Muslim Talk – "Ammi was Shocked to See Half-Naked Girls in Barista"
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Chatting with two Muslim ladies in Jamia Nagar
[Interview and picture by by Mayank Austen Soofi]
Mrs Falak Khan is a young wife with two children. She lives in South Delhi at Gaffar Manzil, Jamia Nagar. The interview was done in Hindi.
Falak, what’s the meaning of your name?
Aasmaan. Sky. It is an Arabic word.
You are an Indian Muslim woman. Do you feel victimized in this city, in this country?
Don’t you think that there are occasions when you are discriminated because of your name … because of your religion?
Never. My daughter, Aital, is in the IVth standard. She was earlier studying at Summerfield School. I wanted her admission at KR Mangalam World School which is one of Delhi’s best. Aital was a topper. She was instantly admitted to Mangalam. I know this happened because she was very good in her studies. We didn’t resort to any bribe or depended on any sifarish by any influential person. Aital is a Muslim and there was no trouble.
So, you feel Muslims are not discriminated?
Mayank, in India, if you are good, nobody can stop you. Isn’t filmstar Shahrukh Khan a Muslim? What about (India’s former cricket captain) Azharuddin? He too is a Muslim.
Then why are Muslims so backward and uneducated?
Because they don’t study much. Schools are there but they don’t send their children there. They are also very poor. They are tempted to put their children into work for extra income. Since parents are not educated themselves, they do not realize that a good education could change the lives of their children.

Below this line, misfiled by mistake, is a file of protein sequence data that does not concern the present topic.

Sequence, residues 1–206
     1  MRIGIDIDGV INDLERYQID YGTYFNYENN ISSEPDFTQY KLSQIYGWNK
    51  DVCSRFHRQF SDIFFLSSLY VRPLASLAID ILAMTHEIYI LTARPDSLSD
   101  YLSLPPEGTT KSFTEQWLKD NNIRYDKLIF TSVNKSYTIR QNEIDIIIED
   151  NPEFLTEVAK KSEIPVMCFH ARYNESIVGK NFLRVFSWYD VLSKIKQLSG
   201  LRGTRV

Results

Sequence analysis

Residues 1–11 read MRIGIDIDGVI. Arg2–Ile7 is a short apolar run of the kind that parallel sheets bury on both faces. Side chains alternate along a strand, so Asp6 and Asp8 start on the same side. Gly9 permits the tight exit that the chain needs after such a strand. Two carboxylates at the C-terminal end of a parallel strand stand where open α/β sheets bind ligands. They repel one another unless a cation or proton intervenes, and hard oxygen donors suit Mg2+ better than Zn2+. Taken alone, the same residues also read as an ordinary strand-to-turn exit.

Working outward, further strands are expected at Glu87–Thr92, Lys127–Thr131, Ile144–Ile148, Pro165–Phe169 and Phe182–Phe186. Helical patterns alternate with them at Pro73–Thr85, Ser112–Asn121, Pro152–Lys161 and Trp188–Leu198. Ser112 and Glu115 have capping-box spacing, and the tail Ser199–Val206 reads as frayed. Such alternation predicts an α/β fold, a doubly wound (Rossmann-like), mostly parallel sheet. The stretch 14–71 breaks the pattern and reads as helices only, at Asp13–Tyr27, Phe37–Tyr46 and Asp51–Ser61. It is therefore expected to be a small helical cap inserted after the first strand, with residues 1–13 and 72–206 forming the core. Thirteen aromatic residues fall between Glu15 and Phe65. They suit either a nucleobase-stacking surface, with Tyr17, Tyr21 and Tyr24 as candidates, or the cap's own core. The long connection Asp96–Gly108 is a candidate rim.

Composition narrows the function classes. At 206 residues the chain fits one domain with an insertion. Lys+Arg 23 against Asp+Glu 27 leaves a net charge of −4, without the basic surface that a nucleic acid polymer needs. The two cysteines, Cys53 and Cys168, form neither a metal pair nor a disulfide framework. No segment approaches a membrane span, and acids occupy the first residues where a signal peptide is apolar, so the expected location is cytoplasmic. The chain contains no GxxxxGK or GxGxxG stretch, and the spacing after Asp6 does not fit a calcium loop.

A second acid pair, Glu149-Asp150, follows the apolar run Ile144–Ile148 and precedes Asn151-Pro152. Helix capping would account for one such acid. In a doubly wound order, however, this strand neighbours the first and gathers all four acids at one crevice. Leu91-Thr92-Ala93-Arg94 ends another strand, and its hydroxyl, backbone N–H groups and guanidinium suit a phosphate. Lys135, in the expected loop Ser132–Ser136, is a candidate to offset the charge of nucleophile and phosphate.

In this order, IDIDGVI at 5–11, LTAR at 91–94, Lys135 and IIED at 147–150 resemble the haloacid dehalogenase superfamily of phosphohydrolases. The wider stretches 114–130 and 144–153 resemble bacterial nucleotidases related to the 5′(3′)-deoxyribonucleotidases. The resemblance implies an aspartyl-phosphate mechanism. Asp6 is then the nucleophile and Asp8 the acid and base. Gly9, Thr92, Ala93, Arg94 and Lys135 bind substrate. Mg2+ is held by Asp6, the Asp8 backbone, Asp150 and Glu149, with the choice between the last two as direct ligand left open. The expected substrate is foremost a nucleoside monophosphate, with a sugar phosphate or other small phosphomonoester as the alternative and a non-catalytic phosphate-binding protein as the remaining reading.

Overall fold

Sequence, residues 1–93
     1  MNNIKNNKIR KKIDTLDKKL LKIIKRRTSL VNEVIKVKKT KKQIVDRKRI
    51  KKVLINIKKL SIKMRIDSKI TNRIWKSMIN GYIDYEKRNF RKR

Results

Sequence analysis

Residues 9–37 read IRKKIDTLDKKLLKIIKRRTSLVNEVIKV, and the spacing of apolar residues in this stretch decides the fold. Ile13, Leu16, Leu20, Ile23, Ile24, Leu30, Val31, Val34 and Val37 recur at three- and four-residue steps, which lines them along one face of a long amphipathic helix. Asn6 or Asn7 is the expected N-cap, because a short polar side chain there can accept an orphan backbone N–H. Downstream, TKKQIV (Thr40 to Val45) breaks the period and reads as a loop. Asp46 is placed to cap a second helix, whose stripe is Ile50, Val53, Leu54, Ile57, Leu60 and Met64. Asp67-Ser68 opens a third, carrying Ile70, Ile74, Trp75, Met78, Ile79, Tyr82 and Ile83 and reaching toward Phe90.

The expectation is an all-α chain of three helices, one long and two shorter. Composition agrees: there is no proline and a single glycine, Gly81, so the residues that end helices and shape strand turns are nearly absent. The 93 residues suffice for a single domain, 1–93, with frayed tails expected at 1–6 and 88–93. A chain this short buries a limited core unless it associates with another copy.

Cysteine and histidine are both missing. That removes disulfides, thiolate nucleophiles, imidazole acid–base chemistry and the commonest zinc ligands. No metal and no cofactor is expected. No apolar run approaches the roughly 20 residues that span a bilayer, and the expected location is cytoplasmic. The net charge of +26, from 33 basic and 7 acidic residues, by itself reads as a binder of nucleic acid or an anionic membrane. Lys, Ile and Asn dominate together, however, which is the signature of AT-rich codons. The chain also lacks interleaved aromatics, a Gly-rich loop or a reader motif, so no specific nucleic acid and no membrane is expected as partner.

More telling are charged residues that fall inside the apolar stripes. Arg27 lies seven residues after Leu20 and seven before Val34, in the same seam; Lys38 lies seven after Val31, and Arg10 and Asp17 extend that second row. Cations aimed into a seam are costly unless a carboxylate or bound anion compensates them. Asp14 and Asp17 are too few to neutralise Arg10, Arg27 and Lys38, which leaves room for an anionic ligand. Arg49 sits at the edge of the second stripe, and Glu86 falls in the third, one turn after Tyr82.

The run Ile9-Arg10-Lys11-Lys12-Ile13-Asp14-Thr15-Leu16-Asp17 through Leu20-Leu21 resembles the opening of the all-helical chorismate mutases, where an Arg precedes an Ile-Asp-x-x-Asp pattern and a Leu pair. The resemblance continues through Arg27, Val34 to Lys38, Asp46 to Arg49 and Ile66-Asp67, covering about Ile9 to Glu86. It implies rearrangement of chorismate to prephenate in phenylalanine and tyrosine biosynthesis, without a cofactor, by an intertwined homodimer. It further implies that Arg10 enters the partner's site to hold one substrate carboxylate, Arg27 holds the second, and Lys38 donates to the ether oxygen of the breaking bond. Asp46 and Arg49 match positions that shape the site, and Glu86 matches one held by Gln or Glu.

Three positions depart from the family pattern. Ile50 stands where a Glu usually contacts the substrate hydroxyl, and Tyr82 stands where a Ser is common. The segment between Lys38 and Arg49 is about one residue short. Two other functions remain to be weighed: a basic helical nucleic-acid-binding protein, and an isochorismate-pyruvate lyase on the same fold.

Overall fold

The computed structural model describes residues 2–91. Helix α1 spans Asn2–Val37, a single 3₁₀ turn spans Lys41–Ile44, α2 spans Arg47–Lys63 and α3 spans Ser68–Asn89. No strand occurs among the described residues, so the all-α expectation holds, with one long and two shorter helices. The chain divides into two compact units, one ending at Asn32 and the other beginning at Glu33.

(Smiles) …From where to start? Ok. I’m from Kaimganj. It is a small town in North India. Papamian, my father, is a landlord there. Our great-grand father’s grand father had come from Afghanistan and had settled there.
You are from Afghanistan? Exotic!
Excuse me, I’m from India. So I was saying that there are about two dozen Pathan families in Kaimganj. India’s former President Zakir Hussain too hailed from Kaimganj. We are the two most renowned families there. We are distantly related, too.
I did my schooling in Kaimganj itself – in a girls’ school there. Later, I did graduation in Political Science and Sociology from Aligarh Muslim University.
Being a young Muslim girl, do you think you had to face restrictions? How did your father let you live in Aligarh? Away from home?
There was no problem. Papamian wanted all of us four brothers and sisters to have good education. And then I lived in a girls’ hostel in Aligarh. But now, when I remember, there indeed were restrictions for being a Muslim girl. There were pachaas advices of what-to-do and not-to-do. We weren’t allowed to visit the homes of our girl friends there. Dupatta was very important. We just could not go out without a dupatta. Our lives revolved around it. However inside the hostel, we were relatively free. We could even wear jeans!
Your description sounds so normal. It could be the life of any Indian girl. The general impression among the non-Muslims is that the Muslim girls live behind black burqas and that their life is very tough. Perhaps you are an exception.